• Understand the advantages of playing slide guitar in standard tuning.
• Develop picking-hand muting and accurate intonation.
• Create phrases in the style of Duane Allman and Derek Trucks.
The sound of slide guitar is incredibly intoxicating. I’ve always been drawn to it because of the singing, vocal quality that it has—so emotional and expressive. It’s very prominent in blues and roots rock, but as an approach and set of techniques, I think slide guitar is truly useful in all styles.
The conventional wisdom for slide playing is to use an open tuning, where you retune your guitar so that strumming the open strings creates a chord. Two popular slide tunings are open E (E–B–E–G#–B–E, low to high) and open G (D–G–D–G– B–D, low to high). The most compelling benefit to this approach is that anywhere you put the slide you’ll have a nice big chord. This is also a fundamental compromise with two serious drawbacks. First, you are now bound to only major chords, and even worse, all the notes and their positions that you have already worked so hard to learn are gone because you’ve retuned half of the strings.
Luckily, this isn’t the only way to get your hands around some greasy slide licks. Using standard tuning is just as viable and some of the greatest slide guitarists in the world use it. What’s great about learning slide techniques in standard tuning is that you can apply them to any tuning you want down the road too. The techniques are difficult enough as it is, so let’s get rockin’ with the tuning you’re already used to.
The biggest adjustment for most players is the sense of touch and how lightly you have to actually rest on the strings with the slide. Typically, players will use thick strings and high action. I use stock action and .010–.046 light strings. There are some folks who take it to the extreme. Billy Gibbons plays a super-light .008 set, even when playing slide. Talk about a light touch. A-how-how-how!
A great first way to recalibrate your sense of touch for slide playing is to test the action. Without the slide, press the strings to the fretboard and then release—without leaving the strings—several times to feel the “springiness” of the strings. You’ll notice that the action, or distance from the string to the fretboard, is very close. This does not give you a lot of room, so it’s really important to be sensitive to that tiny distance.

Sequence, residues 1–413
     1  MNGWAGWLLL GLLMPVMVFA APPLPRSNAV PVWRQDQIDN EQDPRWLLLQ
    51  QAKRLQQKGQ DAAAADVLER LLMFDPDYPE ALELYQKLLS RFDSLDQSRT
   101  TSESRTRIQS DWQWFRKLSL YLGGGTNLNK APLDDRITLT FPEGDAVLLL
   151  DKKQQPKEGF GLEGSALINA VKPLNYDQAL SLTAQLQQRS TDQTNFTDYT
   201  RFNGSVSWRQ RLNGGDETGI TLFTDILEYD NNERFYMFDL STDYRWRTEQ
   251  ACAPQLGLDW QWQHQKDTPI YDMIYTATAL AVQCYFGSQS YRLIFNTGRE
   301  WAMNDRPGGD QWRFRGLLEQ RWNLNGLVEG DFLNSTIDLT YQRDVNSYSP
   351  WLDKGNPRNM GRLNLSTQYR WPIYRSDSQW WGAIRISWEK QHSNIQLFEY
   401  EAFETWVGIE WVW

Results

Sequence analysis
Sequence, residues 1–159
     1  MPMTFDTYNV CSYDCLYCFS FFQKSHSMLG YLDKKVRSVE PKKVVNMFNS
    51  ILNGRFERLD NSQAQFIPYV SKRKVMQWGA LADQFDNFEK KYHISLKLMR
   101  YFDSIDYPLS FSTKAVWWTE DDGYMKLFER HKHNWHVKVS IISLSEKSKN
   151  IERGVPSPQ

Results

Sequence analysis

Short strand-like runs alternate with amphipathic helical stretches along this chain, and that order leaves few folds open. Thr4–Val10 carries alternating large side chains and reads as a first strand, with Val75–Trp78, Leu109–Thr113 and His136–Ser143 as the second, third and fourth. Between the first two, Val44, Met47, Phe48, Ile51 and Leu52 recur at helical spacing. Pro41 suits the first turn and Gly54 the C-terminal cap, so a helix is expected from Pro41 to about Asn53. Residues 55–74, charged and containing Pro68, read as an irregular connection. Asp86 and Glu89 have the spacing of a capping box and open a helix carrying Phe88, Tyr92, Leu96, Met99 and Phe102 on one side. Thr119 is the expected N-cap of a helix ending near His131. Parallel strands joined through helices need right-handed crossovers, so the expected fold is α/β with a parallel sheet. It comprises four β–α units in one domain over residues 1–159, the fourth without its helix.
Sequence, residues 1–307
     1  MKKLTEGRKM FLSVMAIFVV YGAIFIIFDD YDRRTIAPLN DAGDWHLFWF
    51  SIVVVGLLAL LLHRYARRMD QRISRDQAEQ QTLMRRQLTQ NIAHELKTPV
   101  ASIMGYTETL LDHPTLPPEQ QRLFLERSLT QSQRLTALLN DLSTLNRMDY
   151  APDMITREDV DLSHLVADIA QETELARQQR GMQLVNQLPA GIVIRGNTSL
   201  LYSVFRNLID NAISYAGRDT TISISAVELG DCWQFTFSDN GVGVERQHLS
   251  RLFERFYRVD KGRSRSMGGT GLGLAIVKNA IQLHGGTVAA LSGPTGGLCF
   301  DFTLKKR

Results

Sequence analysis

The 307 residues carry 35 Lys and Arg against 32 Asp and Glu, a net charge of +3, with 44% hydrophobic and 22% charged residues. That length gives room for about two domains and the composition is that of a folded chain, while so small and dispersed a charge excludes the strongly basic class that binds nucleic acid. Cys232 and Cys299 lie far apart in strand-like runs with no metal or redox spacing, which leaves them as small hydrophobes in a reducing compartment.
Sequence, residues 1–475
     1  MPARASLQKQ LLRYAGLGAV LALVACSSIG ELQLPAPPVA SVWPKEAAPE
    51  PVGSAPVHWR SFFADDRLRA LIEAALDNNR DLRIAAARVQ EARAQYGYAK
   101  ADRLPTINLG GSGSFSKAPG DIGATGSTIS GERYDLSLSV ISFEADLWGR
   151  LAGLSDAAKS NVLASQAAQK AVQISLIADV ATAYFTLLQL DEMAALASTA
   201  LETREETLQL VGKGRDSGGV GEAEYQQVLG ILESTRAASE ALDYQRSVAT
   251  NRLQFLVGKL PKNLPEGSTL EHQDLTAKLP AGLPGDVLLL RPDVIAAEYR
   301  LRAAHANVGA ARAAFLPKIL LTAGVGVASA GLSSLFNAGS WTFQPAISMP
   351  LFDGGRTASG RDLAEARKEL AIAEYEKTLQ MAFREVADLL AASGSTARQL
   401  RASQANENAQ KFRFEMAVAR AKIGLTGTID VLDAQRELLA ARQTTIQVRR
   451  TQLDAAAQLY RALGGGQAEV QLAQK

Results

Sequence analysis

Next, play a harmonic on the 1st string by gently touching directly above the 12th fret. Notice that you have to be very gentle and you can’t press through to the fretboard. This is how lightly you have to touch the string with the slide. Let the slide float on top of the strings and be supported by the strings. Also, make sure you are touching the string with the slide directly above the metal fret.
Another very important tip: Use your fingertips to pluck the strings instead of a pick, so that you can use all of your other fingertips to mute unwanted noise. Keep these things in mind when you grab your slide and you’ll be tearing it up in no time.
Let’s begin with a simple muting exercise shown using the E minor pentatonic scale in Fig. 1. The goal here is to separate each note by muting the adjacent strings with your plucking-hand fingers. Make sure to land directly over the fret and test your intonation with a tuner. Remember, no sliding! It should sound like you are playing through the scale with fretted notes.
In Fig. 2 we start to connect some of the notes in the scale. Muting is especially important here, as you don’t want any of the other strings to ring and create some weird overtones. Keep the sound of each note even and in time even though some of the slides are longer than others. On the last note try using some vibrato.
To create an even-sounding vibrato you want to try to move the slide an equal distance on either side of the target pitch. Don’t worry if it isn’t completely perfect— vibrato is unique to each player and it helps to define your personal sound.
Now that the exercises are out of the way, we can move onto some actual licks in Fig. 3. As you can see, we combine elements of both Fig. 1 and Fig. 2 to create a simple phrase over E7. For the second part of the phrase, place your thumb on the 3rd string, index on the 2nd string, and middle on the 1st string. This will allow you to mute the proper strings much more easily.
We have a “see-saw” lick in Fig. 4 using the same pentatonic box. We dip outside the pentatonic scale for the G# in the second measure. This note is the major 3rd of the E7 chord and gives the phrase a nice, sweet quality. Create some separation between the G# and the E by muting the 3rd string with your thumb.
In Fig. 5 we have a Duane Allman inspired lick that makes use of some grace notes. A grace note is when you quickly sound a note right before your target note. With this example, the B is the grace note and the A is the target note. These types of phrases really show how you can get a vocal quality with the slide. Just to prove it, try playing the lick without the slide and see how different it sounds. Slide on!
Geoff Hartwell is a NYC-based guitarist, singer, songwriter, and instructor. His forthcoming album features Kofi Burbridge and Yonrico Scott from the Derek Trucks Band, and Oteil Burbridge of the Allman Brothers. For more information and to check out his instructional DVD, Ultimate Slide Guitar: Essential Slide Techniques, visit geoffhartwell.com.